When the Esri DC Dev Center team first found out about the reported explosions at the finish line of the Boston Marathon, we immediately tuned into Twitter to capture live discussions so that we could understand the series of events. With over 440,000 tweets captured in under 24 hours, one can imagine the difficulty in trying to synthesize an understanding of how events occurred over that time period.
However, we turned to Latent Dirichlet Allocation for extracting out structure from these tweets. LDA is a generative model that stipulates how documents are comprised of a mixture of topics and how each topic has a unique distribution over vocabulary. Since these topics and their vocabulary distributions are not directly observable, we can use statistical inference to infer those distributions given a corpus of text documents. As a result, we obtain a distribution over topics for each text document along with a distribution over vocabulary for each topic that can be used to gain insight into structuring of those documents.
LDA has been used before to solve a variety of problems, but one of the questions we’re interested in addressing is what happens when we perform LDA on a large scale discussion that evolves rapidly over time? We observe that topics exhibit ordering over time, suggesting that the topics extracted by LDA correlate to topics of discussion surrounding a sequence of events:
Upon inspection of the vocabulary distributions for each topics, we can reconstruct the series of events that drove discussions. We can see that initial discussions were focused around initial reactions and observations (“Two explosions reported near Boston Marathon finish line”). The discussion then transitions to people sympathizing with the victims (“How can I donate?” and “Our prayers go out to the victims”). The forth and fifth topics focus around the discovery of additional explosives that were dismantled along with the increased participation with news and media organizations. Finally, the last two topics focus around Google People Finder and Obama’s speech regarding the events. The top vocabulary associated with each topic is given as:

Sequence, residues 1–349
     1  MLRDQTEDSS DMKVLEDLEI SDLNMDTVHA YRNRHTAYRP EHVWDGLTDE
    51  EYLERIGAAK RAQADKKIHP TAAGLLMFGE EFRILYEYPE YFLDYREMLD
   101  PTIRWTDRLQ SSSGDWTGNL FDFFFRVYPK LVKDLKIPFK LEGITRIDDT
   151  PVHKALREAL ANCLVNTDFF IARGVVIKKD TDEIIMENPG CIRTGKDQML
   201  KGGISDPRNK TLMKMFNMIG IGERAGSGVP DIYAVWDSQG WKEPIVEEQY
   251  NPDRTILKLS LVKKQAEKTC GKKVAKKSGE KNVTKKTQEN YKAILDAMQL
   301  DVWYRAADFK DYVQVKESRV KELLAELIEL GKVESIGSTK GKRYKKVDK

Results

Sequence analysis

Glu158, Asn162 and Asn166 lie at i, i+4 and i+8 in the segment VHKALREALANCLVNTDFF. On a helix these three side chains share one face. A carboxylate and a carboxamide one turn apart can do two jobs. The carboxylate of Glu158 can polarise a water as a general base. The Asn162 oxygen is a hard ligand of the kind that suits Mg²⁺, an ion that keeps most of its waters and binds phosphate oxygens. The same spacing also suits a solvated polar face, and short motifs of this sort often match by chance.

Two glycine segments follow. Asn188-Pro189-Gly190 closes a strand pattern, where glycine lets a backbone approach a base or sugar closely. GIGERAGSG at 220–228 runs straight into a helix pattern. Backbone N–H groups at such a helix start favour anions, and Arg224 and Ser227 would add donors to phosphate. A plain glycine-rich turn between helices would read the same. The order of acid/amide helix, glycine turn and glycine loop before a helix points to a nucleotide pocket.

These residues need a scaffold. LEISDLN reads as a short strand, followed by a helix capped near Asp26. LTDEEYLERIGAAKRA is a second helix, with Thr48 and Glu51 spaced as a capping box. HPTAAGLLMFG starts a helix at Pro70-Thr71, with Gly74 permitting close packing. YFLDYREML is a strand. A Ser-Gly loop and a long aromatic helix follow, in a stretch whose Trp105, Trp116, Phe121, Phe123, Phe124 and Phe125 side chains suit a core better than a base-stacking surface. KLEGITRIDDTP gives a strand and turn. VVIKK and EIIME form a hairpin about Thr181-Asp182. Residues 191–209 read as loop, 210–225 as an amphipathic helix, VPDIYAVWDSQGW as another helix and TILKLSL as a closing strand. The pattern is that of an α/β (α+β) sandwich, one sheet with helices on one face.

|Topic 1||Topic 2||Topic 3||Topic 4|
|Topic 5||Topic 6||Topic 7||Topic 8|
So, in short, we were able to demonstrate how there can be a temporal ordering of topics from topic modeling approaches that can help rebuild a story for a series of complex events. Moving forward, there are several questions that we’re interested in answering:
- How does the evolution of discussion differ depending on geography?
- What additional insight can we gain when using correlated topic models to extract out significant changes in these discussions?
- Are there any other topic model extensions that can be modified for taking into account spatio-temporal aspects?
What are the next steps for the Esri Dev Center team? Well, stay tuned as we extend these methodologies to look at how discussion evolve over geospatial regions!
Update (Friday, 3:50PM):
After hearing about the series of events the occurred on MIT campus last night, we collected tweets containing the keywords associated with “MIT” and “shooting”. Using the same methodologies, we see that the extracted topics exhibit intuitive ordering over time.
The corresponding vocabulary distribution for each topic is given by:
|Topic 1||Topic 2||Topic 3||Topic 4||Topic 5||Topic 6|
Welcome to the Esri DC Development Center blog. We write about features of our work on big data analytics, open platforms, and open data, what is new and exciting in the Esri and community, and general industry thought leadership and discussions of geospatial data visualization and analysis.
Please explore what we're working on and let us know if you have any questions or ideas!
- Departamentos de Argentina REQUIRED: The person responsible for the metadata information.
- Argentina Soybean Production 2009/10
- Localidades de Argentina REQUIRED: The person responsible for the metadata information.
- Mexico - ADM2 Boundaries
- Tile Layer
- Dataset from 'Czech cities and population' with a 10km buffer